The song I can no longer listen to

Steve Miller Band – ‘Abracadabra’

“I hate this. I think it’s one of the worst songs ever written. It’s just: ‘Abra-abracadabra, I’m gonna reach out and grab ya/I go up, I go down, we go round, round, round/Abra-abracadabra, I want to reach out and grab ya’. The lyrics are worse than a third-grade nursery rhyme. Whenever it comes on the radio I have to turn it off immediately. That’s not one of his better numbers.”

The song that makes me want to dance

Ramones – ‘Blitzkrieg Bop’

“Whenever I’m going to see a band, I still put on the Ramones because it just gets my adrenaline going. It’s the greatest punk rock record ever recorded – how can you not get your adrenaline pumped when you put on the Ramones first album?”

The song I want played at my funeral

Joseph Arthur – ‘In The Sun’

“I love bummer songs. A lot of people at funerals want to have something rousing so people don’t feel sad but I think it’s okay to remember life and to feel alive. Bummer music always makes me feel alive. Joseph Arthur taps into something in the lyrics about losing someone and recognising that you still want them but they’re never coming back. It tears me up every time I hear it. And then after that, hoist a beer in celebration.”

The song that reminds me of recording with Nirvana

Nirvana – ‘Something In The Way’

“That was the hardest song to do by far on ‘Nevermind’. The other songs we tracked pretty quick – once we were set up, had the sounds and everything, they nailed everything in one or two, three takes tops. Then we go back and I get Kurt [Cobain] to overdub some guitars or double guitars or double some vocals and things. We tried doing ‘Something In The Way’ out in the studio and it just didn’t work, the drums were too big and loud. Kurt tried an electric guitar, he couldn’t play it on acoustic [at Sound City Studios in Van Nuys, California] because the room was just too loud. So out of frustration he came into the control room and started playing it on the couch. And I said, ‘Hold on, let’s just record it right here’. So I kicked everybody out of the control room, brought a mic in, turned the fans off and unplugged the phone and we recorded him on acoustic guitar there and then, and built the song from it.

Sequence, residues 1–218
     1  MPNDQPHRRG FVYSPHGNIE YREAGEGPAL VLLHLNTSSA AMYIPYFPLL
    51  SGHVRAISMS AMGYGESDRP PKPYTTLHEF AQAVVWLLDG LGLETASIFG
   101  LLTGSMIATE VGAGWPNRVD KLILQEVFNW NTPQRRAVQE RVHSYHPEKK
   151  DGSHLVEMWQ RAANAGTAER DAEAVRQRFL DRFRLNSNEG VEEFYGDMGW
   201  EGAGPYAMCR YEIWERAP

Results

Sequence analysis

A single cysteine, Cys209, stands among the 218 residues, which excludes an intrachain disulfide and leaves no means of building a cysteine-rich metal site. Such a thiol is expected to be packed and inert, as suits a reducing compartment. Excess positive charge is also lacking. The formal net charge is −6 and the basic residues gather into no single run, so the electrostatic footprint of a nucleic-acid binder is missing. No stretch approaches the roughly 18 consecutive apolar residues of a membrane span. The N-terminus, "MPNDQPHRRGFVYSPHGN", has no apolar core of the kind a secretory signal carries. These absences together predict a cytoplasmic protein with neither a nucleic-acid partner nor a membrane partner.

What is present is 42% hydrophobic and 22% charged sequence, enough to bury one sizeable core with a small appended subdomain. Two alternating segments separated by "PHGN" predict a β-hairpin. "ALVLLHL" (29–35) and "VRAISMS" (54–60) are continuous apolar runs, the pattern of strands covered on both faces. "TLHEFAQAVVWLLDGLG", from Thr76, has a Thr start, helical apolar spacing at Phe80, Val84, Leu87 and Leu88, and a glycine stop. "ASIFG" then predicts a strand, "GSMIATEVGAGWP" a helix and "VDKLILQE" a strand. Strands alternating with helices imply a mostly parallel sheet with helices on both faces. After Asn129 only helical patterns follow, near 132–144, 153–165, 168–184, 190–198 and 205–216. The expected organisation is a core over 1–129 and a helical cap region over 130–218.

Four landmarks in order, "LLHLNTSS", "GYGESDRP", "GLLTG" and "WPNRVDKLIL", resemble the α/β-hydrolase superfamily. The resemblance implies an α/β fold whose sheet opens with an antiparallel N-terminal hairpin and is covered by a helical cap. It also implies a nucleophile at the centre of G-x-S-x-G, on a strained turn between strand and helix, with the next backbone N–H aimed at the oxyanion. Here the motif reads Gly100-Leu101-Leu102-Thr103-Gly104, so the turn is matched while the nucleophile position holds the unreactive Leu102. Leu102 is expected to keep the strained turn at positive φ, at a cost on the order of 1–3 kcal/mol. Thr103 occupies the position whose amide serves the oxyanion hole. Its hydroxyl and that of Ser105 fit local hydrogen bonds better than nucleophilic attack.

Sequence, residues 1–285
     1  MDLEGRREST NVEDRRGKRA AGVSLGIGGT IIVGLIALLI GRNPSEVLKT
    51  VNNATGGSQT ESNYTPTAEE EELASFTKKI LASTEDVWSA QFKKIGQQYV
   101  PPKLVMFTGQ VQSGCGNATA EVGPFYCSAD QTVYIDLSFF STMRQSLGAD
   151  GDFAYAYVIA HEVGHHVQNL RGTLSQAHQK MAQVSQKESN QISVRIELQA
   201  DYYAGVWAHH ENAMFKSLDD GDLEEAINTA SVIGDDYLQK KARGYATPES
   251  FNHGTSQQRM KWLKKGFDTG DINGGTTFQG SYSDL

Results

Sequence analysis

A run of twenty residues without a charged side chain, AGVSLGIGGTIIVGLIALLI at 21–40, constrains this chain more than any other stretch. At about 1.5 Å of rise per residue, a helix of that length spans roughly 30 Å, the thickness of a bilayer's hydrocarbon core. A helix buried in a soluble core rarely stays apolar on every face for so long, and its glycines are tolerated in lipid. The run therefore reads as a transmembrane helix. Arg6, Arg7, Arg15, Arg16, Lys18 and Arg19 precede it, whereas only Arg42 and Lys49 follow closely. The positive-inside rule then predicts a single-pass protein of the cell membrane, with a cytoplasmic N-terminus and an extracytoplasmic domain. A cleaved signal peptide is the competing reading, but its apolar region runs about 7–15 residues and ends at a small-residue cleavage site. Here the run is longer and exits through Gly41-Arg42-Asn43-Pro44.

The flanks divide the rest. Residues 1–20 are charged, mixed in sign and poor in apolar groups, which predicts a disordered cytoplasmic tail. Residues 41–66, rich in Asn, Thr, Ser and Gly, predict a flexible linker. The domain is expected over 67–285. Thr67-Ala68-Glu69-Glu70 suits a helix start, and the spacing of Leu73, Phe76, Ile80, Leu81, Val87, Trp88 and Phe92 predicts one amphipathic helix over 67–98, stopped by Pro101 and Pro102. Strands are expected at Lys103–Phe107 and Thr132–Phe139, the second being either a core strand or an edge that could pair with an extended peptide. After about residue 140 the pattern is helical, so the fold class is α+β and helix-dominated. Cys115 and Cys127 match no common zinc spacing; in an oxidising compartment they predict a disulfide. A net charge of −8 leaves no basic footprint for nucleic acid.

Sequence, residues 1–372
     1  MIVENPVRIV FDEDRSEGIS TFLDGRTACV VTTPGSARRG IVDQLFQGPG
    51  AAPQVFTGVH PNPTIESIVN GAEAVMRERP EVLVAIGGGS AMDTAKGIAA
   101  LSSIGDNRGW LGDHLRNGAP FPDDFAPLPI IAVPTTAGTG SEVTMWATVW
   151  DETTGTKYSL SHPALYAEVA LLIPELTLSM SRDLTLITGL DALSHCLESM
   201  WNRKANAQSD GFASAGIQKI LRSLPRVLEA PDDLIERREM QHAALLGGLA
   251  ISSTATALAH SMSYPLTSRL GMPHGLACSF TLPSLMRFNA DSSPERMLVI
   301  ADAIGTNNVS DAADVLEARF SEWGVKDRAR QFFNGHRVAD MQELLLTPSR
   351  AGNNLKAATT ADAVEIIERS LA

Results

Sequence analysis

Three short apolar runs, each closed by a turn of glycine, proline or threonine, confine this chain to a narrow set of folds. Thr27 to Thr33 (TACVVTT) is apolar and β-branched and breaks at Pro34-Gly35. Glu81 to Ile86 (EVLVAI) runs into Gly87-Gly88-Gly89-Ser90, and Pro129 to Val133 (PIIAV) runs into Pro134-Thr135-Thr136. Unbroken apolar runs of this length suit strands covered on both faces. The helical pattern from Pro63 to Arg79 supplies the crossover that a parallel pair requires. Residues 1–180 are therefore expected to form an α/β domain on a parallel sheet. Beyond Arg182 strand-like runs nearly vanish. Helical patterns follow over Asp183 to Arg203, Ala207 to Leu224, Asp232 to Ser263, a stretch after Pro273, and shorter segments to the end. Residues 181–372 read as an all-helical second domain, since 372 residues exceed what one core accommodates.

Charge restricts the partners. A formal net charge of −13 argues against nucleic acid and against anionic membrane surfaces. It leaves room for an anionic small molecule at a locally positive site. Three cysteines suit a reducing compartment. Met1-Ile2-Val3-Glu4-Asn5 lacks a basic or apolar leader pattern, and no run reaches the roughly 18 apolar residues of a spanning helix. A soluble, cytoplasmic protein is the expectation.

“We moved from the big studio into the small studio and I had to go back and overdub Krist [Novoselic] and Dave [Grohl], and that was hard because they were used to all play together and now they had to play to this real mellow acoustic [track]. We drove Dave real crazy because he’d start playing and immediately it would start getting louder, I’d go ‘You have to play it quiet!’ [but] Dave can’t help himself. He played it great every time but it was always getting louder and louder. After five or six takes he finally nailed one that had a really good dynamic to it. You can’t get starker than that [song]. Kurt’s very much writing about himself. He could be the guy under the bridge [in the lyrics]. The band was in great form [making ‘Nevermind’], they were excited to be down there and they practiced their asses off, they were ready for it. I didn’t know at the time that they practised every day for four or five months, six months. They’d just gotten a credit card, and were staying in a condo with a swimming pool, they could drive down to Malibu and walk on the beach all night long. It was a heady time for them and they were playing great, they were all upbeat and it was a great record. We did it in 16 days, really fast.”

Butch Vig’s new album, Divine Accidents’ by 5 Billion In Diamonds, is out now on Make Records